Commonly abbreviated as AIP, autoimmune pancreatitis is a medical term that refers to an inflammation of the pancreas (the suffix 'itis' refers to an inflammation) that is believed to be the result of the body's immune system wrongly attacking the pancreas. There are currently two versions of autoimmune pancreatitis, differentiated by the degree and severity of the illness. Only diagnosed as an ailment recently, a number of treatment of options have been shown to effectively treat autoimmune pancreatitis.
Definition & Facts
AIP or autoimmune pancreatitis is divided into two subtypes. Type 1 AIP is commonly referred to as IgG4-related pancreatitis because the issues with the pancreas are secondary to the IgG4 (sometimes called IgG4-related systemic disease), an autoimmune disease which leads to a complete breakdown of the body's major organs (including the pancreas) via the destruction of connective tissues. Type 2 AIP is when the inflammation is largely contained solely in the pancreas but many people with Type 2 AIP also suffer from digestive ailments like inflammatory bowel disease.
Symptoms & Complaints
- Unexplained weight loss
- Discomfort in the middle of the back
- Discomfort in the abdomen
- A loss of appetite or unexplained sensations of feeling full
- Fatigue and general weakness
- Yellow skin and yellow in the whites of the eyes (jaundice) without pain
- Especially dark and concentrated urine
- Very light-colored stools
- Blocked bile ducts
There is much ongoing research about the exact cause of autoimmune pancreatitis. Medical statistics in the United States show an overwhelming predominance of Type 1 AIP with only about one in five people having Type 2 AIP. Known risk factors for developing Type 1 autoimmune pancreatitis include being male, being age 60 or older, IgG4-related diseases, retroperitoneal fibrosis (extra tissue around the stomach and intestines), kidney disease, low thyroid function, and swollen lymph nodes.
Known risk factors for developing Type 2 AIP include being age 40 or older and having digestive illnesses such as inflammatory bowel disease (IBD). Both types of AIP are associated with individuals who have diabetes and stones in their pancreas. Some lines of research have indicated that unrelated problems with the immune system, perhaps triggered by microbial agents, is the primary cause for Type 1 AIP.
The causes of Type 2 AIP are less well-known but it is believed that diabetes or insulin resistance can be a contributing factor to weakening the pancreas and making it more susceptible to attack by the immune system.
Diagnosis & Tests
Most diagnoses of autoimmune pancreatitis begin by identifying the known symptoms and then performing blood tests to gather more information. A high level of IgG4-positive cells can be an important indicator for whether a person has Type 1 autoimmune pancreatitis. The presence of granulocyte epithelial lesions (GELS) in the pancreatic ducts can be an indicator of Type 2 AIP.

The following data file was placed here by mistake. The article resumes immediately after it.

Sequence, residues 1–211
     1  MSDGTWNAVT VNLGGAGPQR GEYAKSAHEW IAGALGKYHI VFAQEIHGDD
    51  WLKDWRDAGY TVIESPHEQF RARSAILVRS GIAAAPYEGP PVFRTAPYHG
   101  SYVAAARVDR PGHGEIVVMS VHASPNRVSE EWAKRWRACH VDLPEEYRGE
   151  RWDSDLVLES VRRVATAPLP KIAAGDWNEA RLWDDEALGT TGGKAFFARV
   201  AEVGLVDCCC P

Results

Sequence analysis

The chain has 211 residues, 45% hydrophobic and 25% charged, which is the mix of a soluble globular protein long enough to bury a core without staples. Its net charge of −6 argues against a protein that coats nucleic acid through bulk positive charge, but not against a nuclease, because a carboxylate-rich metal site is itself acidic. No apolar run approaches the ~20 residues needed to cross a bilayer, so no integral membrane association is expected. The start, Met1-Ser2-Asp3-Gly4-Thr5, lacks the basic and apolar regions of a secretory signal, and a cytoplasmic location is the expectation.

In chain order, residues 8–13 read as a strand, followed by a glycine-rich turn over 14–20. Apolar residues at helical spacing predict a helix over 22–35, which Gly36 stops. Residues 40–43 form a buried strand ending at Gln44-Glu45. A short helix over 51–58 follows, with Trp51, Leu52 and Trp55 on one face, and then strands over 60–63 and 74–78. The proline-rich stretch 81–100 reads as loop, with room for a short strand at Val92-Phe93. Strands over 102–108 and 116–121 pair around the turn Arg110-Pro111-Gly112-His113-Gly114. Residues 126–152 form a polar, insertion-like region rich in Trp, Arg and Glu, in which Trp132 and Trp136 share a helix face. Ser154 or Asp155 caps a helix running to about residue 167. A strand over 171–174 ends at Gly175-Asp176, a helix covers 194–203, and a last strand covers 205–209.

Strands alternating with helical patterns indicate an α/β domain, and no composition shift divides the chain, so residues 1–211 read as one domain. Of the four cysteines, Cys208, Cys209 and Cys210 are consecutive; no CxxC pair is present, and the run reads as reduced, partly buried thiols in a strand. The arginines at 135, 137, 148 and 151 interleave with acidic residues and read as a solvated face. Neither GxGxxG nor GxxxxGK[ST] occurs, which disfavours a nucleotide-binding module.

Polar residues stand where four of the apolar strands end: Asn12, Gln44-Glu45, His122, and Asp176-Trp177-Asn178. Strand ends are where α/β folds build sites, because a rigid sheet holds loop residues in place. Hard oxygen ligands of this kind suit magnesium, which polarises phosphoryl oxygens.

CT scans or ultrasounds can be performed to look for pancreatitis. Biopsies of the pancreas may be performed in order to rule out the presence of cancer in the organ or other causes for the inflammation of the pancreas. As the pancreas can become inflamed due a host of other diseases, most diagnoses of autoimmune pancreatitis are made by ruling out other causes in a process known as a differential diagnosis.
Treatment & Therapy
Once autoimmune pancreatitis has been diagnosed as opposed to pancreatic cancer and other illnesses with similar characteristics, treatment can begin. Most forms of current treatment are non-surgical in nature. Steroids are administered for approximately two weeks followed by careful monitoring of the individual to look for reduced discomfort in the abdomen and back, the skin and eyes returning to a normal color, reduced swelling in the pancreas, and blood sugar and pancreatic enzyme levels returning to normal. In most cases of autoimmune pancreatitis, there is a rapid response to the administration of steroids and some doctors use this response to further confirm the initial presence of autoimmune pancreatitis as opposed to other similar illnesses.
Many people with AIP have a chronic form of the disease, meaning it responds well at first to treatment but then flares up again. These individuals may be prescribed a class of drugs called immunosuppressants that work to reduce the amount of damage the immune system is inflicting on the pancreas (and other organs). In some cases, individuals with AIP will also be prescribed supplementary enzymes to replace the ones that a healthy pancreas should be producing.
Prevention & Prophylaxis
Currently, there are more than 80 different autoimmune disorders known to medical science. These can be triggered by a host of different reasons, including bacterial infections and viral infections, ingesting toxins, problems with the thyroid gland, the presence of cancer, and blood transfusions and organ transplants. Whenever possible, a healthy lifestyle and diet is recommended as the best way to prevent triggering or developing problems with the immune system.